Manjii: the old man crazy to paint

in late eighteenth-century Japan, Hokusai reinvents traditional graphic forms

In the history of music has known a number of "giants": men whose long lives permitted them to experience epochal changes without being overwhelmed by them, but who continued until the end of their days to look for ways of opening up the route to future times.
Claudio Monteverdi with his 8 books of madrigals, takes us by the hand ,volume after volume, from the Renaissance into the Baroque period inventing melodic, harmonic, orchestral solutions which did not exist before him and which, after him became the academic norm for musicians. And how can we but be astonished at the immensity of Beethoven who overcame the obstacles of old age and illness to deliver to posterity a store of incredibly universal music. We might continue with extraordinary figures like Stravinsky or Haydn, musicians who have never known a time when their music became out-dated, because they themselves embodied the avant-garde.

This characteristic is not typical of musicians only. It suffices to recall figures like figure di Michelangelo or Picasso, but here we wish to recall an artist who is less known in the west: Katsushika Hokusai, born in Japan in 1760, who died at the age of 89 in the mid-nineteenth century. A painter, engraver, illustrator and prominent member of the artistic current known as the "Fluctuating World" and one of the first Japanese artists whose works reached his European contemporaries at a time when Japan was undergoing overwhelming, vortical transformations.

Hokusai began his artistic career, in fact, by producing minor art forms: postcards, shop signs, illustrations for satirical books and children's stories. In the early nineteenth century he created a huge pictorial work, of roughly 350 square metres, depicting a Zen patriarch, and a short time later a similar one depicting the god Hotei. He then began to publish his prints in the traditional ukiyo- e style, revised completely by him in both topics and technique: "Famous sights of the capital of the East", "Mirror images in Dutch style - Eight views of Edo". However he encountered economic difficulties, and fell back on the illustration and published the fifteen volumes of the "Hokusai manga", in 1814 ".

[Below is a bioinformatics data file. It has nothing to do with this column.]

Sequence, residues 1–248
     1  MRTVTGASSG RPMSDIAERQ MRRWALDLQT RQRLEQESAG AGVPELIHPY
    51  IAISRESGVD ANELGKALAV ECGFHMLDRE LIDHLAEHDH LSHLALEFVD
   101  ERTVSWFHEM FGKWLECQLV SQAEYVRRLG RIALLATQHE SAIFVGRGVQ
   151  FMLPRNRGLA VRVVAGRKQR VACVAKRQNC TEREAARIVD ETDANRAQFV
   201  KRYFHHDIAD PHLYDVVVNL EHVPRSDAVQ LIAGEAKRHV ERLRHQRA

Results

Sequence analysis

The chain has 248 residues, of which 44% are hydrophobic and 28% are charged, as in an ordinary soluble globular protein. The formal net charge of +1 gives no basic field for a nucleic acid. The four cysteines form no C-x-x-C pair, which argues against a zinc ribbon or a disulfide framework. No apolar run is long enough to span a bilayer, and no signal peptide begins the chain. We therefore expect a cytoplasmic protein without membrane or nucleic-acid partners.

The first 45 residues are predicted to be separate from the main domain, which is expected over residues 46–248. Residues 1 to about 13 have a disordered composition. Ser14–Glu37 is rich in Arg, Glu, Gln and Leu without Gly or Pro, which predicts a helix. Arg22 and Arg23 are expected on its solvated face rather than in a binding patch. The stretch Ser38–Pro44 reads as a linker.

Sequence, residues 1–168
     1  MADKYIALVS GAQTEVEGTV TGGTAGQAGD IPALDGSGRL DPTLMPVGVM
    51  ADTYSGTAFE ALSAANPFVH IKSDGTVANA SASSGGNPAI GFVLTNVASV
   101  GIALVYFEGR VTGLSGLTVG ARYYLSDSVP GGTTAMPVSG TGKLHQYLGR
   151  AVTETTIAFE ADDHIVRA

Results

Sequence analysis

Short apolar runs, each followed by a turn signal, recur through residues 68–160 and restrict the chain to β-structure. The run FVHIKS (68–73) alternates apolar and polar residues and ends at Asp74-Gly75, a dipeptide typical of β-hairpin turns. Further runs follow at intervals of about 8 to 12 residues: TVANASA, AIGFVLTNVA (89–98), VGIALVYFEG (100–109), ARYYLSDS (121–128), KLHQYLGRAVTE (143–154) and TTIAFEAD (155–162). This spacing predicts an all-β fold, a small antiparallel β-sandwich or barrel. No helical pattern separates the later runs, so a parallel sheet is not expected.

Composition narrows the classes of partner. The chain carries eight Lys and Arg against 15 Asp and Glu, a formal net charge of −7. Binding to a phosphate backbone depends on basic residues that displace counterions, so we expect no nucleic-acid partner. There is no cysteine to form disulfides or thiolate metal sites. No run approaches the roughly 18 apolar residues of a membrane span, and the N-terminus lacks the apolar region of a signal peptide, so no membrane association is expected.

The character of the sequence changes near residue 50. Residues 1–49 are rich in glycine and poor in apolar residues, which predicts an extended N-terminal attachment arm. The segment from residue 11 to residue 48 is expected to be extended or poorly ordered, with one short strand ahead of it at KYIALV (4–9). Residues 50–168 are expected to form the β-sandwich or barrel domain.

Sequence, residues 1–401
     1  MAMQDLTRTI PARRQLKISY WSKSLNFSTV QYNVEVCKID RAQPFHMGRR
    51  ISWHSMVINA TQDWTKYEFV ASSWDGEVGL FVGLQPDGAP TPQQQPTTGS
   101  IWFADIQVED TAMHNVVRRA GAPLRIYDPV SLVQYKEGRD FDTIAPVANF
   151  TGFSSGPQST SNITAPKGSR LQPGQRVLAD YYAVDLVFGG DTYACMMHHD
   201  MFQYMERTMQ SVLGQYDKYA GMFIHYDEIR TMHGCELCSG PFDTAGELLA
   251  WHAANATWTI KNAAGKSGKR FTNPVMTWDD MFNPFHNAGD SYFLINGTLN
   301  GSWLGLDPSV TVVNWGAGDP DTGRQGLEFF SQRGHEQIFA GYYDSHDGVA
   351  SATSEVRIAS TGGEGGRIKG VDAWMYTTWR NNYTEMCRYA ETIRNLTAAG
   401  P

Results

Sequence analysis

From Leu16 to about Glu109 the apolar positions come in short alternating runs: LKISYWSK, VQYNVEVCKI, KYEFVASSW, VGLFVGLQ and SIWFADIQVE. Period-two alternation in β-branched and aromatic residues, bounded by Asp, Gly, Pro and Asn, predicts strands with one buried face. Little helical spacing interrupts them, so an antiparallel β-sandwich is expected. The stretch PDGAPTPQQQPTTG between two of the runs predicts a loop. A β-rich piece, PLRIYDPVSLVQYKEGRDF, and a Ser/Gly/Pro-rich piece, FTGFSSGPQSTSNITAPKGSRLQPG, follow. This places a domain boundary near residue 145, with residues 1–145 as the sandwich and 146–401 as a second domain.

Always pressed by economic difficulties, around the age of seventy he was struck by apoplexy, yet in those years he produced his most significant works, namely the series of prints "Views of famous bridges", "Famous waterfalls in various provinces "," Thirty-six views of Mount Fuji ".
From the age of six on, I loved copying the shape of things, and from the age of fifty on I often published drawings, but up until the age of seventy I produced nothing worthy of consideration. At seventy-three I gained a little insight into the essence of the structure of animals and birds, insects and fish, the life of herbs and plants, and therefore, at eighty-six, I shall progress further; at ninety I shall have gone more deeply into hidden meaning and at one hundred years of age I may have truly reached the dimension of the divine and the marvellous. When I am a hundred and ten, even a single point or a line will have a life of its own. If I may make a wish, I pray that those among the gentlemen who will live a long enough, to check whether what I claim will prove unfounded. A declaration of Manji the old fool for painting.
Katsushika Hokusai, afterword to hundred views of Mount Fuji

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